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Antioxidants

Astaxanthin Supplements

Astaxanthin Supplements

Choosing a good one from the range of astaxanthin supplements on the market should be fairly straightforward as there are few synthetic versions of the antioxidant on the market for human use. However, animal feeds, particularly salmon farm feeds, often contain the synthetic version of the nutrient so it is not necessarily beneficial to eat such animal products as a strategy for boosting astaxanthin consumption. A good quality astaxanthin supplement would be derived from marine microalgae, rather than grown synthetically on fungus, and would have been manufactured using a hexanefree process providing a minimum of 4mg per tablet. Astaxanthin supplements should betaken with a little fat for better absorption, as is with betacarotene supplements, and should not be taken alongside medications or supplements that block fat absorption. Astaxanthin is a strong anti-inflammatory which blocks COX2 enzymes but which does not have the side-effects associated with prescriptions pain medications, such as indigestion and heartburn.  It can help with painful arthritis, menstrual cramps, and even as a supplement to help when headaches strike.   Astaxanthin is also able to help retinal cells fight off free radical damage and, therefore, combat macular degeneration, diabetic retinopathy and simple eye strain and vision decline.   Supplements for the skin should almost certainly contain astaxanthin as this antioxidant acts like a sunscreen from the inside out, protecting cells from ultravioletA radiation. Anyone prone to sunburn or who has freckles, skin spots from ageing or who spends a lot of time in the sun may wish to include this supplement in their daily regime.   In the future it may be that functional foods can provide all the astaxanthin we need as research has found that tomatoes produce vast amounts of astaxanthin, doing away with the need for supplements to get the health benefits of this powerful antioxidant.  ...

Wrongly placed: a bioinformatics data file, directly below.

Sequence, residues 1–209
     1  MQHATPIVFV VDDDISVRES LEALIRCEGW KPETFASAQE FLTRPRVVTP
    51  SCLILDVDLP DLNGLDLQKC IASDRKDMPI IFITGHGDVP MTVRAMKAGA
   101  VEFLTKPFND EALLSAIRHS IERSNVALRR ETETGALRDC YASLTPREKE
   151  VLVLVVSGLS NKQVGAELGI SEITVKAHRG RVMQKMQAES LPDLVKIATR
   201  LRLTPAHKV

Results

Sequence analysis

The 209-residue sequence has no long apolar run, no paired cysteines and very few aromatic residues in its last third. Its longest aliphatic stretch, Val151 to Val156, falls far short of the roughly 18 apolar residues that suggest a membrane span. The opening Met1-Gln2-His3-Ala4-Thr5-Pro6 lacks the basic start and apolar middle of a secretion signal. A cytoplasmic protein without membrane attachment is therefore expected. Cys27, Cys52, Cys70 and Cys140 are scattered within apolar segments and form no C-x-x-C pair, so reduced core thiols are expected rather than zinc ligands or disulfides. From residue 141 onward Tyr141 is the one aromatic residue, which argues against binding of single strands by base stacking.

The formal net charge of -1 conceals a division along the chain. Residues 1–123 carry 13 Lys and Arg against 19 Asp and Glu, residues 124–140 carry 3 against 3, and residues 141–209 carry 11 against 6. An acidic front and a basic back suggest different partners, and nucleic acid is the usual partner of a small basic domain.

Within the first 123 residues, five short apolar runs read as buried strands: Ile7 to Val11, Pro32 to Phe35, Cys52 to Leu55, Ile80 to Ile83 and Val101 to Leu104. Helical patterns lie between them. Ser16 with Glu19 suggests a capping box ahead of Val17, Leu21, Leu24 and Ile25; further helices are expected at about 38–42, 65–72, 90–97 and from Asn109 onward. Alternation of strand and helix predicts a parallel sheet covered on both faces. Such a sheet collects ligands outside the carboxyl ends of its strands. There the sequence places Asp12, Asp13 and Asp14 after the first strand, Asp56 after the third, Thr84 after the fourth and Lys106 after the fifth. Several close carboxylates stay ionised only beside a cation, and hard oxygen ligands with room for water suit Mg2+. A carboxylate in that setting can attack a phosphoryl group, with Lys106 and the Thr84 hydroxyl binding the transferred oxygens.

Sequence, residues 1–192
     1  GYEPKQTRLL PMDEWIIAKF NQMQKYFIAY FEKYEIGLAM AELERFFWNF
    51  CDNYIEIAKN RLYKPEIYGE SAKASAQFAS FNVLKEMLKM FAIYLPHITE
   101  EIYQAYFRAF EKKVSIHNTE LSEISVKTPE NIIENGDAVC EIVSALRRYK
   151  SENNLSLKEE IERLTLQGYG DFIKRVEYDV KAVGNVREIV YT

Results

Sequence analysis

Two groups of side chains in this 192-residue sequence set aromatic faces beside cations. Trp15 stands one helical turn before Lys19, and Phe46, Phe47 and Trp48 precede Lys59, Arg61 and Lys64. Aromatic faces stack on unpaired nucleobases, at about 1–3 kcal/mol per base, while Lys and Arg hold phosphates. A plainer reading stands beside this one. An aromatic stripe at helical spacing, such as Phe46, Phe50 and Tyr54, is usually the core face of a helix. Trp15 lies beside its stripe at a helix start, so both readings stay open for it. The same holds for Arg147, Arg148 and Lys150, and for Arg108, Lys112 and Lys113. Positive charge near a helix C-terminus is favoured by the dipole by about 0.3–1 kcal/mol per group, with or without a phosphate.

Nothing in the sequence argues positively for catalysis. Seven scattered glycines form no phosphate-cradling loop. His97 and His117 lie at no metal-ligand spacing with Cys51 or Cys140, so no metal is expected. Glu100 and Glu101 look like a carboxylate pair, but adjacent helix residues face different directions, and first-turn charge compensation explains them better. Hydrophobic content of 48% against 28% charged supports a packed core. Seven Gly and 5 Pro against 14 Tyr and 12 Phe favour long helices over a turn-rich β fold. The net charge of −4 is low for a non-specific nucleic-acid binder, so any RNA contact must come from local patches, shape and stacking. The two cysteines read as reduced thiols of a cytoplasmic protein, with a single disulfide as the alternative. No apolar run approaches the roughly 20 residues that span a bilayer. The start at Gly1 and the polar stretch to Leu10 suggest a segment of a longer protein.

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What is Astaxanthin?

Astaxanthin is an antioxidant that is thought to be more than 6000 times more powerful than vitamin C, but what is it and where can you get it from? As a carotenoid, astaxanthin is a fat-soluble pigment found in marine algae and in animals such as salmon and flamingos where it is responsible for the pink colour of their feathers and scales. Just like fish and fowl we can also benefit from astaxanthin from natural sources and the market for microalgae and synthetic astaxanthin supplements has really bloomed in recent years. This nutrient plays a role in defending your cells against free radical damage. This kind of cellular attack is a key contributor to the ageing process and can instigate changes leading to wrinkles, dementia an heart disease. Astaxanthin is a great candidate for slowing down these processes as it’s fat-soluble nature means it can get to places that other, water-soluble antioxidants cannot reach. Antioxidants like astaxanthin are also able to counteract the free-radicals produced when we exercise, making it possibly helpful for athletes wanting to recover faster, increase endurance, and improve strength and stamina. These benefits have however been both supported and disputed in studies but there are plenty of other reasons to take the supplement while further studies are carried out. Astaxanthin is amongst excellent company with betacarotene and lutein as other examples of some of the more than 700 naturally occurring carotenoids that give fruits and vegetables their amazing array of colours. Purple aubergines, orange peppers, green kale and even the blue colour of blueberries are all caused by the combinations of these protective pigments with chlorophyll and other phytochemicals. However, unlike betacarotene, astaxanthin is only found in a limited range of foodstuffs, namely the microalgae Haematococcus pluvialis and in the animals that eat this algae, such as krill and salmon. In order to ingest enough astaxanthin to be of benefit a person would have to eat huge amounts of high quality salmon or flamingo meat, which would prove both costly and potentially harmful in regards to heavy metal toxicity and the negative effects of such consumption of animal products. Instead, obtaining a dose of astaxanthin from a high-quality supplement can help quench free radical damage...